children would be spared additional harm and, in some tragic
incidences, their lives.

The bail statute currently does not consider the unique nature of
domestic violence cases. The criminal who commits a street crime
against a stranger, for example, is not likely to target the victim
for additional criminal activity while the case is pending and
afterwards. Precisely the reverse is true for domestic violence
perpetrators, who are highly likely to do so. Those who commit acts
of domestic violence do so to exercise power and control over their
specific victim, with whom they have a relationship. Domestic
violence has a high rate of recidivism, and tends to escalate in
frequency and severity over time. The initiation of a court case
against the perpetrator is a high-risk time for the victim, who is
perceived by the abuser as trying to escape the relationship.
Perpetrators often threaten and harm their victims during the
pendency of the case in order to force them not to cooperate with the
prosecution and to reconcile.

New York law does not allow the bail determination to be used for
"preventive detention," in order to protect the public from a
generalized threat of further criminal activity by an accused.
However, New York law does permit the bail determination to be used
when necessary to protect witnesses to the crime. Domestic violence
cases fall squarely within this rule because the victim of the
offense is the key and some- time the only witness and, as noted
above, is highly likely to be targeted by the perpetrator for further
threats or harm. Thus, in domestic violence cases, it is essential
that the judge determining recognizance or bail consider factors that
indicate a risk of harm to the victim-witness. This bill offers
guidance to judges by specifying factors including prior acts of
violence or threats of violence, prior orders of protection, prior
arrests or convictions for offenses against intimates or family
members, prior violations of orders of protection, and access to
firearms.

Bail reform is necessary to protect the victim-witness of domestic
offenses.

EFFECTIVE DATE:
This act shall take effect on the first of November next succeeding
the date on which it shall have become a law.

view bill text
                    S T A T E   O F   N E W   Y O R K
________________________________________________________________________

                                 1414--A

                       2011-2012 Regular Sessions

                            I N  S E N A T E

                             January 7, 2011
                               ___________

Introduced  by  Sens.  SALAND,  BALL,  SAVINO  -- read twice and ordered
  printed, and when printed to be committed to the Committee on Codes --
  committee discharged, bill amended, ordered reprinted as  amended  and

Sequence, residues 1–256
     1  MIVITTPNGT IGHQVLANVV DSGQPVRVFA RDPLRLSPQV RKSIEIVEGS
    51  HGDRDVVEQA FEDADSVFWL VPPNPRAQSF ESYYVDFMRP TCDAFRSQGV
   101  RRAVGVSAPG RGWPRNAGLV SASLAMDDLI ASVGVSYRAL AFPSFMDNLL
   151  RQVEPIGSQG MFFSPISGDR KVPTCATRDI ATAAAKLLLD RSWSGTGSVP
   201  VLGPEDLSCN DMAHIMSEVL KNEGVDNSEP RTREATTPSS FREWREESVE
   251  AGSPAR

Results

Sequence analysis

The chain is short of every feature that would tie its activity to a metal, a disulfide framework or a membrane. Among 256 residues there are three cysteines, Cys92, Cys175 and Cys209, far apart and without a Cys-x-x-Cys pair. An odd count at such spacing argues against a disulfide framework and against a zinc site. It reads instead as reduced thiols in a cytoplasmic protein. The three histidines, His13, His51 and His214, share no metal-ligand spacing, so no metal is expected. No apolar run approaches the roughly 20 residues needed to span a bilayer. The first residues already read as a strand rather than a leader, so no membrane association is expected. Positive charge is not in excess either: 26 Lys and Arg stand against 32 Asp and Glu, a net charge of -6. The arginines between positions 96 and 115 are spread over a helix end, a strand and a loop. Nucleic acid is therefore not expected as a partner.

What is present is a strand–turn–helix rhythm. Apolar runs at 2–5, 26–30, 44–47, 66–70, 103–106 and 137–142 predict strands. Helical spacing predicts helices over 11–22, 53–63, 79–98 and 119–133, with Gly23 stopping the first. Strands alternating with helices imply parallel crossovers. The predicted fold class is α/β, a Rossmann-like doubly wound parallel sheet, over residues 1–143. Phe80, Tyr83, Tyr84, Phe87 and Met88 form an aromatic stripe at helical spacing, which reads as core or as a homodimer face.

recommitted to said committee

AN ACT to amend the criminal procedure law, in relation to the consider-
  ation  of certain factors when determining the issuance of an order of
  recognizance or bail

  THE PEOPLE OF THE STATE OF NEW YORK, REPRESENTED IN SENATE AND  ASSEM-
BLY, DO ENACT AS FOLLOWS:

  Section  1.  Paragraph  (b)  of subdivision 2 of section 510.30 of the
criminal procedure law is relettered paragraph (c) and a  new  paragraph
(b) is added to read as follows:
  (B)  WHERE  THE  PRINCIPAL IS CHARGED WITH A CRIME OR CRIMES AGAINST A
MEMBER OR MEMBERS OF THE SAME  FAMILY  OR  HOUSEHOLD  AS  THAT  TERM  IS
DEFINED  IN  SUBDIVISION  ONE OF SECTION 530.11 OF THIS TITLE, THE COURT
MUST, ON THE BASIS OF AVAILABLE  INFORMATION,  CONSIDER  AND  TAKE  INTO
ACCOUNT  THE  DANGER  OF  INTIMIDATION  OR  INJURY BY THE PRINCIPAL TO A
WITNESS IN THE CASE, INCLUDING THE FOLLOWING FACTORS:
  (I) ANY HISTORY OF PRIOR ACTS  OF  VIOLENCE  OR  THREATS  OF  VIOLENCE
AGAINST A WITNESS IN THE PENDING CRIMINAL ACTION; AND
  (II) ANY ORDER OF PROTECTION ISSUED BY ANY COURT AGAINST THE PRINCIPAL
FOR  THE  PROTECTION OF A MEMBER OR MEMBERS OF THE SAME FAMILY OR HOUSE-
HOLD AS THAT TERM IS DEFINED IN SUBDIVISION ONE  OF  SECTION  530.11  OF
THIS TITLE, WHETHER OR NOT SUCH ORDER IS CURRENTLY IN EFFECT; AND
  (III)  ANY PRIOR ARREST OR CONVICTION FOR A CRIME OR VIOLATION AGAINST
A MEMBER OR MEMBERS OF THE SAME FAMILY OR  HOUSEHOLD  AS  THAT  TERM  IS
DEFINED IN SUBDIVISION ONE OF SECTION 530.11 OF THIS TITLE; AND
  (IV)  ANY  VIOLATION  OF  AN  ORDER  OF PROTECTION ISSUED BY ANY COURT
AGAINST THE PRINCIPAL FOR THE PROTECTION OF A MEMBER OR MEMBERS  OF  THE
SAME  FAMILY  OR HOUSEHOLD AS THAT TERM IS DEFINED IN SUBDIVISION ONE OF
SECTION 530.11 OF THIS TITLE; AND
  (V) THE PRINCIPAL'S HISTORY OF USE OR POSSESSION OF A FIREARM.
  S 2. This act shall take effect on the first of November next succeed-
ing the date on which it shall have become a law.

 EXPLANATION--Matter in ITALICS (underscored) is new; matter in brackets
                      [ ] is old law to be omitted.
                                                           LBD05325-03-1